For example, you could search for anything happening regarding a particular activity (#writing) or event (#tripoli) or person (#bieber) and so on, and then all the tweets from people including that hashtag will come up and you can see what people are saying about that thing.

    Play around with it – you’ll get it.

  30. I’ll start by saying I now have a much clearer understanding of what Twitter is for. I don’t think I will find it very useful, but at least I know more. Thanks for that.

    The reason why people say they don’t understand it, is that very few people are able to explain what the purpose of Twitter is. And I think most people want to know what something is for, before trying it. I mean how can you try something if you don’t know what to do with it?

    People who don’t get it, are probably the people who won’t use Twitter anyway, even if someone did manage to explain it. Take me. I really don’t care what any celebrity has to say. I admire certain people for their singing ability, their acting talent or their sporting accomplishments, but they aren’t really any less boring as the rest of us. The majority of their tweets still fall in the “I’m eating a sandwich” category.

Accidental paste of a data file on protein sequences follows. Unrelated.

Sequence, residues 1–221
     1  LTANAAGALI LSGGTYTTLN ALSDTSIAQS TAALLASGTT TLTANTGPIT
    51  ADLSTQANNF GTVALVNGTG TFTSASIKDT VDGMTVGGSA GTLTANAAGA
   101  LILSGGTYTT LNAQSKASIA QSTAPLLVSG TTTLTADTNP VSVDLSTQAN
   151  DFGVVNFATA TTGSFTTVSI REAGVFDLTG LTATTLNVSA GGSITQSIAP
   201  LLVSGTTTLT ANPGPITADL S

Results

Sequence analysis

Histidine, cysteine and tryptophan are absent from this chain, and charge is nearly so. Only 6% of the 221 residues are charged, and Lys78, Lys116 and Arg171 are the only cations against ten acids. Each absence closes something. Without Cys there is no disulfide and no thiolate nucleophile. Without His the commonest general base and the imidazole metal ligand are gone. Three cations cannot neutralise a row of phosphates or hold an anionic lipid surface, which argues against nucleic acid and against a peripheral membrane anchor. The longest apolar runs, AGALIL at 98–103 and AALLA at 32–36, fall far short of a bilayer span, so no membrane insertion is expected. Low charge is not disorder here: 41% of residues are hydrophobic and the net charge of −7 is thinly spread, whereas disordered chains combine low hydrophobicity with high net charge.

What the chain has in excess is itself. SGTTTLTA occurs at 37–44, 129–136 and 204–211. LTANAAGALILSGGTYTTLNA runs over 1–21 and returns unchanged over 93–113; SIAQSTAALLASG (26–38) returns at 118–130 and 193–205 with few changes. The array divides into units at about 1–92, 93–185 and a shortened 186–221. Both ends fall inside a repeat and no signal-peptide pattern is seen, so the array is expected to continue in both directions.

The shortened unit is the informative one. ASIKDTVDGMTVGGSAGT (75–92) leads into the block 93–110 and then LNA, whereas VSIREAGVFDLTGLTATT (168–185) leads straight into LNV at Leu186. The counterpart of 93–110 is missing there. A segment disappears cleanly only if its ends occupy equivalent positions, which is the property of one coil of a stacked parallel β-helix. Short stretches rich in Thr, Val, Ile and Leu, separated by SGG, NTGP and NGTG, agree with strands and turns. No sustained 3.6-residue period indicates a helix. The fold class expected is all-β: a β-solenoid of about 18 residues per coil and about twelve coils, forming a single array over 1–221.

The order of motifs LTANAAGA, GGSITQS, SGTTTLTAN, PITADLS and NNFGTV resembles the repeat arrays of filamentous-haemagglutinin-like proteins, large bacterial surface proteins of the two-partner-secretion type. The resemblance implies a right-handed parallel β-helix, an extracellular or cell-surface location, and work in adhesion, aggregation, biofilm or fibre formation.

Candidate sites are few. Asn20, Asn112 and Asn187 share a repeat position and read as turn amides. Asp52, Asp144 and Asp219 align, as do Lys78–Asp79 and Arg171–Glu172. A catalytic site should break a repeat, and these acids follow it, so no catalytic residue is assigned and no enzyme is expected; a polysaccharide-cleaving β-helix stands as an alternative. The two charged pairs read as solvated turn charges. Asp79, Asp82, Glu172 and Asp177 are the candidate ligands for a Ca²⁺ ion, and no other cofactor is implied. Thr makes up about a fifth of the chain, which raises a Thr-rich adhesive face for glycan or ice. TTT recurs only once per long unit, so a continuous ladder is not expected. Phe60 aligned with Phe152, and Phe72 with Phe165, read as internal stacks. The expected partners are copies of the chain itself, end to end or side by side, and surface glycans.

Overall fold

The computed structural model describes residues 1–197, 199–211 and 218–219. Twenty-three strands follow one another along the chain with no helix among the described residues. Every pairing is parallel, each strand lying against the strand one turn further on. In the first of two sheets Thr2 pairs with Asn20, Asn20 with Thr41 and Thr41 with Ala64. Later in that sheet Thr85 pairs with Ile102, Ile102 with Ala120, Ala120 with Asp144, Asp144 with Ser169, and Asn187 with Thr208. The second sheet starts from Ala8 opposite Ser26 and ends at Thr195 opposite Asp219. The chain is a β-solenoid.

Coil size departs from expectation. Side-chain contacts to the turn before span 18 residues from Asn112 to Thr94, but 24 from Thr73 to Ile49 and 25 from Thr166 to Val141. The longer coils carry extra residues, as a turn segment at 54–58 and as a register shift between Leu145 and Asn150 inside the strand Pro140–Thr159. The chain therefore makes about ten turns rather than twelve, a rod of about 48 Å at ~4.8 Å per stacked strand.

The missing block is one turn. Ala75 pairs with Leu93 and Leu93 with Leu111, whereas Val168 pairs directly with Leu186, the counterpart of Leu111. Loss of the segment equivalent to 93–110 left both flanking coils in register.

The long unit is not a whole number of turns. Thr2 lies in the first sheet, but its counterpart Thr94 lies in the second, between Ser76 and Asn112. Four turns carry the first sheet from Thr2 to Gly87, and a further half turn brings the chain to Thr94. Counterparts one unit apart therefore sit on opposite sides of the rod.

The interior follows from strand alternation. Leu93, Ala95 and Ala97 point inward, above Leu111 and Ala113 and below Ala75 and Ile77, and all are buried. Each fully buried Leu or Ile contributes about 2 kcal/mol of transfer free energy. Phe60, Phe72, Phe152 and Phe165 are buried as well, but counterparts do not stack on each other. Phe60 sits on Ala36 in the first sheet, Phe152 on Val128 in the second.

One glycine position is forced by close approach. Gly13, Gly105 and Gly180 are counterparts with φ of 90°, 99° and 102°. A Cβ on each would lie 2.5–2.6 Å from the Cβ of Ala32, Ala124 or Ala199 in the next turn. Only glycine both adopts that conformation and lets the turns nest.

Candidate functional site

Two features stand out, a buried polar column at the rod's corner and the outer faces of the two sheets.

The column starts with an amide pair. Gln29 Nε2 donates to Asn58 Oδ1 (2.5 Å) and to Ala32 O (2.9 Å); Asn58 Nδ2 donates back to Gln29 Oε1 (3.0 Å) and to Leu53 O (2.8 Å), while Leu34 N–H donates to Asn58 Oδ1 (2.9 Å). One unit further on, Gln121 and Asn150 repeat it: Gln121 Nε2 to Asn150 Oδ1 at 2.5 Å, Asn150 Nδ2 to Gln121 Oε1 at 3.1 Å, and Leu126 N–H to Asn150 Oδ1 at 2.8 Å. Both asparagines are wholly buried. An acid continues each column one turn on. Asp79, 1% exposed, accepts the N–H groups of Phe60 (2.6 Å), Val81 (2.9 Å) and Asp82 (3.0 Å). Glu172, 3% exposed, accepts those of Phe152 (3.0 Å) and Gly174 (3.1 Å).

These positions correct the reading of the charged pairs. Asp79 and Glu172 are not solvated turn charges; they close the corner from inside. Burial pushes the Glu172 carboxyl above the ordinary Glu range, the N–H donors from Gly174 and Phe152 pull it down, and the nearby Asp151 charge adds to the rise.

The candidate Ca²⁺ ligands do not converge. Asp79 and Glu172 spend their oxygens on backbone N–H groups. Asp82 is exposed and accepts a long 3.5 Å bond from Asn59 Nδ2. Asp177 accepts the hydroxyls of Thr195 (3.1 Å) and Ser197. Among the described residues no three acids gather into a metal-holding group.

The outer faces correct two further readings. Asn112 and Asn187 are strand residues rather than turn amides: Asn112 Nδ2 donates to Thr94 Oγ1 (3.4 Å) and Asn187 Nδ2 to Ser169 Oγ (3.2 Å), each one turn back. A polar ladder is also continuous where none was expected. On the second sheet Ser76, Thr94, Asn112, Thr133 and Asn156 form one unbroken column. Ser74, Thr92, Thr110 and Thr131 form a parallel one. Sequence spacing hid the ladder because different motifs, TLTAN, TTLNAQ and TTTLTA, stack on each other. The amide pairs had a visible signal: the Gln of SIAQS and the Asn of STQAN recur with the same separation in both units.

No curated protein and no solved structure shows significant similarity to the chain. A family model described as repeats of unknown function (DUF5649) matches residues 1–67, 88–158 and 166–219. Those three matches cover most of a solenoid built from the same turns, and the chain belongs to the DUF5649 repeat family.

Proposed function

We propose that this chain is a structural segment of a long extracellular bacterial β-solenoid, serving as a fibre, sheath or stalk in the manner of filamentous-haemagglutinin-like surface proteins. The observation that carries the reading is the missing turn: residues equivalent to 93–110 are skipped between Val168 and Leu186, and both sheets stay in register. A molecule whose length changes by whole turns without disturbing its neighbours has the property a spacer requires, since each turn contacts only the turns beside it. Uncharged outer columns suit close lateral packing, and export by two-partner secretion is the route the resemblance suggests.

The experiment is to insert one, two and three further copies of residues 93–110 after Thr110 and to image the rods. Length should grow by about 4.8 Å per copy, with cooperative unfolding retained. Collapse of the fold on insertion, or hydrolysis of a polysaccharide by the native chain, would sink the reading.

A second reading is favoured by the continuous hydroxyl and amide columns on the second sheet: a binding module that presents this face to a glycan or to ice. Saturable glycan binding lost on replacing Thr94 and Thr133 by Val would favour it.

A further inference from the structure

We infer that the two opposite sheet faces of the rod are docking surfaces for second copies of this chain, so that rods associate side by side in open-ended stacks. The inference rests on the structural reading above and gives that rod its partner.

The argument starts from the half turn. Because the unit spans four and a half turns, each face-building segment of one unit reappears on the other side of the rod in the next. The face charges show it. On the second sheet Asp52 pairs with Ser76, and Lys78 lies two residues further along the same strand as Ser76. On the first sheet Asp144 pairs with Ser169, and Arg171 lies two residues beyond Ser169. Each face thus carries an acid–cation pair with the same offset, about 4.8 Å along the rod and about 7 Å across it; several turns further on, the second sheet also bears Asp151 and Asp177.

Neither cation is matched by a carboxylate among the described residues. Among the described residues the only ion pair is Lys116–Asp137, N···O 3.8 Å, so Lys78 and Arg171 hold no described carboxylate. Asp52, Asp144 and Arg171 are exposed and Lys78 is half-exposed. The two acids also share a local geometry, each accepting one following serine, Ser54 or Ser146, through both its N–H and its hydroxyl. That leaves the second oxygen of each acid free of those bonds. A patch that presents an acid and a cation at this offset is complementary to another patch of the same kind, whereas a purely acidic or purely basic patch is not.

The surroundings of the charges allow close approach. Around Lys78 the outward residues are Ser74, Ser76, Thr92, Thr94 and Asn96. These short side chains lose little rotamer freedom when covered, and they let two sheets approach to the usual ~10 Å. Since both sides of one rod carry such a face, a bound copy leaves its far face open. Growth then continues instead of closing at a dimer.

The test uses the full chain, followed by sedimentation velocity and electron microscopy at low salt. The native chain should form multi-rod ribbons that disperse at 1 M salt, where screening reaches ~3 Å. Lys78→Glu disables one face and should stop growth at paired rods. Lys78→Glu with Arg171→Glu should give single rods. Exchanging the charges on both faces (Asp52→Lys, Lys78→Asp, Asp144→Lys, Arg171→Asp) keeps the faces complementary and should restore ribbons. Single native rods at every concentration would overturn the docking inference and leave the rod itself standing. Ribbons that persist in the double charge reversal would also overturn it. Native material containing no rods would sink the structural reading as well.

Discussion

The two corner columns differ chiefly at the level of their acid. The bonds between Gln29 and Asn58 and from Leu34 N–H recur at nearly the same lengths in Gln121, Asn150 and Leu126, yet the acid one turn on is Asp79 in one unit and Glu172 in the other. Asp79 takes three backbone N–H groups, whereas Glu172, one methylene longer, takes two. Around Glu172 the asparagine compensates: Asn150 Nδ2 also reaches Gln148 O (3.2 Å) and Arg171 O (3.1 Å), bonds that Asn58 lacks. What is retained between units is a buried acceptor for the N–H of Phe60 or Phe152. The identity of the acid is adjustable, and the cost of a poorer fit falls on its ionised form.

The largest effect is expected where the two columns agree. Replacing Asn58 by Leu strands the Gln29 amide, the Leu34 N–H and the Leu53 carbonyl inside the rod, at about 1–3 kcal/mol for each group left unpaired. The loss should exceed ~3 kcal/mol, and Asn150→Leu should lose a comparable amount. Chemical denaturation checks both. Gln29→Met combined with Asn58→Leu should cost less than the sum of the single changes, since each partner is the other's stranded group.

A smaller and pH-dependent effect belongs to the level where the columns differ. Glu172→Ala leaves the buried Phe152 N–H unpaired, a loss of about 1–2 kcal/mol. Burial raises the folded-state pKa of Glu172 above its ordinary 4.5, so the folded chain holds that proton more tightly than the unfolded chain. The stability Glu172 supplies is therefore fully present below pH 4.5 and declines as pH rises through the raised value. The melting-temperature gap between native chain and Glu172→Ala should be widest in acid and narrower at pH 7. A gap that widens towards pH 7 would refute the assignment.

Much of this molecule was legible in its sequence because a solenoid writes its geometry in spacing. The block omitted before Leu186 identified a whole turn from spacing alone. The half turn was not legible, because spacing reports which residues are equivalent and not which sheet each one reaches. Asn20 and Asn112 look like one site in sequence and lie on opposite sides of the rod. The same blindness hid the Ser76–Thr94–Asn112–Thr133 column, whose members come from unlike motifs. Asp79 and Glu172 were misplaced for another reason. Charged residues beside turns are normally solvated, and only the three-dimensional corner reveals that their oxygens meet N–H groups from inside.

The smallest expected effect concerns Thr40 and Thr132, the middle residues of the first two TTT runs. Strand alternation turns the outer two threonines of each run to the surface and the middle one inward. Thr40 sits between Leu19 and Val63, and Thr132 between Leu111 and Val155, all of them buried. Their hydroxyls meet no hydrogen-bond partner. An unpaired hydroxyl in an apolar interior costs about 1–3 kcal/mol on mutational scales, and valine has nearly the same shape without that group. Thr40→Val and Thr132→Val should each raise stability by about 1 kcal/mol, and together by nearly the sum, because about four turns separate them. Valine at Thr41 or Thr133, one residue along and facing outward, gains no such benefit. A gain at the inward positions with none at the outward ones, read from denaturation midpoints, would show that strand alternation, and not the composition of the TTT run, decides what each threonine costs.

I still don’t think I will find it very useful, but at least you made things a bit clearer

  31. You don’t only follow celebrities. And you don’t follow celebrities who only tweet about their sandwiches. You follow all kinds of people – just regular people as well as celebrities – and only if you find what they have to say interesting.

    “The majority of their tweets still fall in the “I’m eating a sandwich” category.”

    This is absolutely not the case, and you unfollow anyone who does happen to be like that. No one I follow tweets that stuff – they tweet interesting things, that are pertinent to me and my interests.